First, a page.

The Symbol Grounding Problem is related to the problem of how words (symbols) get their meanings, and hence to the problem of what meaning itself really is. The problem of meaning is in turn related to the problem of consciousness, or how it is that mental states are meaningful. According to a widely held theory of cognition, “computationalism,” cognition (i.e., thinking) is just a form of computation. But computation in turn is just formal symbol manipulation: symbols are manipulated according to rules that are based on the symbols’ shapes, not their meanings.

Semiotics is an approach to ground symbols

Semiotics, also called semiotic studies or semiology, is the study of sign processes (semiosis), or signification and communication, signs and symbols, and is usually divided into three branches:

  • Semantics: Relation between signs and the things to which they refer; their denotata
  • Syntactics: Relations among signs in formal structures
  • Pragmatics: Relation between signs and their effects on those (people) who use them

Peirce’s Theory: Semiotic Elements of Classes and Signs to be Used for Software

Peirce held that there are exactly three basic semiotic elements, 1) the sign, 2) object, and 3) intepretant, as outlined above and fleshed out here in a bit more detail:

  1. A sign (or representamen) represents, in the broadest possible sense of “represents”. It is something interpretable as saying something about something. It is not necessarily symbolic, linguistic, or artificial.
  2. An object (or semiotic object) is a subject matter of a sign and an interpretant. It can be anything discussable or thinkable, a thing, event, relationship, quality, law, argument, etc., and can even be fictional, for instance Hamlet. All of those are special or partial objects. The object most accurately is the universe of discourse to which the partial or special object belongs. For instance, a perturbation of Pluto’s orbit is a sign about Pluto but ultimately not only about Pluto.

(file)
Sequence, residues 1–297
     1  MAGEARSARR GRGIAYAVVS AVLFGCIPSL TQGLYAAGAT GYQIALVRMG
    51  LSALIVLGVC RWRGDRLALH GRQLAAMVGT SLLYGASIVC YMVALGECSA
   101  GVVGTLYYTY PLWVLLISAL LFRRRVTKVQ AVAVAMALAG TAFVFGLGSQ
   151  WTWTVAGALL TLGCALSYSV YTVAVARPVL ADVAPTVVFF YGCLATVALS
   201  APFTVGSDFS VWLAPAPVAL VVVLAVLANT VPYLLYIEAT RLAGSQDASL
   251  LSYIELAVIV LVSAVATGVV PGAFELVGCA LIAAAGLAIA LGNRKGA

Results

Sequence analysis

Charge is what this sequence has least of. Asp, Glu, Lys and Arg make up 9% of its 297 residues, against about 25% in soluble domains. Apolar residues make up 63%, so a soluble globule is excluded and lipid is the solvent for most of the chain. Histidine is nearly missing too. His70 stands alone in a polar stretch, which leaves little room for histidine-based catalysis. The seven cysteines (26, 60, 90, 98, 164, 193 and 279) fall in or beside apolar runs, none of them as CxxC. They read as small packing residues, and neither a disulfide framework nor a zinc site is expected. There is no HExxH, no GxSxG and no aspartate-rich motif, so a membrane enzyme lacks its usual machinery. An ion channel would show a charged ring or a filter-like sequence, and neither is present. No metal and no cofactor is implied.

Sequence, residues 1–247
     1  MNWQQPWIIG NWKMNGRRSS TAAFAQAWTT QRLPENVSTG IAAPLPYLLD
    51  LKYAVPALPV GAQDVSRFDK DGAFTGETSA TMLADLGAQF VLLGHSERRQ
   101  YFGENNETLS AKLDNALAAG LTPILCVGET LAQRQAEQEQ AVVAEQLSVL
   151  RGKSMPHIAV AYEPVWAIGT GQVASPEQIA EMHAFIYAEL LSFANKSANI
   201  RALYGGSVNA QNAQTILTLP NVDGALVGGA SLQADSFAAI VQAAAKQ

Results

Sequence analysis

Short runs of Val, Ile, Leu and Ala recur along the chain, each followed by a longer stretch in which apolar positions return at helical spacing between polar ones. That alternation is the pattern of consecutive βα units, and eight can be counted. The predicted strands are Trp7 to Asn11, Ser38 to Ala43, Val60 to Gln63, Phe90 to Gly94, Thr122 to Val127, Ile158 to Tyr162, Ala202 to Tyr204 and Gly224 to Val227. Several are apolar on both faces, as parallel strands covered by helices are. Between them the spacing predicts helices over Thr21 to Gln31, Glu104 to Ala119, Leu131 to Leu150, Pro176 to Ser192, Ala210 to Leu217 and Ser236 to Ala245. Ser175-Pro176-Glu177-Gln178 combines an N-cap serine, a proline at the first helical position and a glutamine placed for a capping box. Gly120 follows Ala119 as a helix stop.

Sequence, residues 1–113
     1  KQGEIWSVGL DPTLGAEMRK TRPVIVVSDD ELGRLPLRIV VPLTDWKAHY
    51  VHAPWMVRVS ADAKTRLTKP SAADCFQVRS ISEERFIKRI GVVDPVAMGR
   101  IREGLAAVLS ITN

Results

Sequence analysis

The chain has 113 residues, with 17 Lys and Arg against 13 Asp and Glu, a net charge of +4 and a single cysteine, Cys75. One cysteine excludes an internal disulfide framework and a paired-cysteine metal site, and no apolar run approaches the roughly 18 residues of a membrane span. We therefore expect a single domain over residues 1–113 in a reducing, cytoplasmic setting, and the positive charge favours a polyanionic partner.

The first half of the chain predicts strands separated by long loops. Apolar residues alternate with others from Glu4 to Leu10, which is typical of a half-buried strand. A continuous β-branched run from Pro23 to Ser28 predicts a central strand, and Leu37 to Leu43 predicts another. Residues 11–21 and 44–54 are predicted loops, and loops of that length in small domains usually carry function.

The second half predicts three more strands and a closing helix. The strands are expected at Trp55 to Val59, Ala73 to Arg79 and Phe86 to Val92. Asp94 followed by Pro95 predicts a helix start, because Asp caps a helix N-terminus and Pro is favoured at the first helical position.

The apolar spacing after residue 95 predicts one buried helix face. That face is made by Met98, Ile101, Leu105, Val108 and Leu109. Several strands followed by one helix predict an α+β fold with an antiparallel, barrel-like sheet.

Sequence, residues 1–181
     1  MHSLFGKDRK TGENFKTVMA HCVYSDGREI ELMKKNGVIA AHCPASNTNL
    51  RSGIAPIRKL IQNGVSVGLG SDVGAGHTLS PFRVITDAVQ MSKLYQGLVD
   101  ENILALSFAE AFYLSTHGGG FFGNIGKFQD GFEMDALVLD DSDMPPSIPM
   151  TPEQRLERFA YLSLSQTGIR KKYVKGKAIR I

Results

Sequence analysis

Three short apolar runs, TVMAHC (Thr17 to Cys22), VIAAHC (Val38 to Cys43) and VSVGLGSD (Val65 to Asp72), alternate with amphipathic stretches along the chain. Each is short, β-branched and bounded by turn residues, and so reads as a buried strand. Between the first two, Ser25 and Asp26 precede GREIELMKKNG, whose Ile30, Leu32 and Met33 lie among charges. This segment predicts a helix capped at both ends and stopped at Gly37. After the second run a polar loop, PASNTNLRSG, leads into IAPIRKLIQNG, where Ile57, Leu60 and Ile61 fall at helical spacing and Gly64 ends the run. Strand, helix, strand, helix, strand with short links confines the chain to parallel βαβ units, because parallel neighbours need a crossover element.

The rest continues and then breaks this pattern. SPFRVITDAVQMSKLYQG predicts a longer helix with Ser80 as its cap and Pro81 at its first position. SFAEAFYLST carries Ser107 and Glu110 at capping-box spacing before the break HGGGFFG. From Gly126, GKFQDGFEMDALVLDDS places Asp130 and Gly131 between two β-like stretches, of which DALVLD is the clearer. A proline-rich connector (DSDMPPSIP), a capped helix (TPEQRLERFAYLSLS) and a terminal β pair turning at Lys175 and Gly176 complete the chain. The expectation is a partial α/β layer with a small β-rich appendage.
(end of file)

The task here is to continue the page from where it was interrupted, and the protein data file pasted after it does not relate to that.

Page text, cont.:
3. An interpretant (or interpretant sign) is the sign’s more or less clarified meaning or ramification, a kind of form or idea of the difference which the sign’s being true or undeceptive would make. (Peirce’s sign theory concerns meaning in the broadest sense, including logical implication, not just the meanings of words as properly clarified by a dictionary.) The interpretant is a sign (a) of the object and (b) of the interpretant’s “predecessor” (the interpreted sign) as being a sign of the same object. The interpretant is an interpretation in the sense of a product of an interpretive process or a content in which an interpretive relation culminates, though this product or content may itself be an act, a state of agitation, a conduct, etc. Such is what is summed up in saying that the sign stands for the object to the interpretant.

That classification has been used in SDE (Symbolic Analysis of this blog) as follows:

  1. Sign is a symbol captured from source code
  2. AHO, Atomistic Hybrid Object is the object
  3. Interpretant is the output from executing the object using an automaton.

Some links:

  1. Peirce’s theory:
  2. Semiotics:
  3. About Symbol Grounding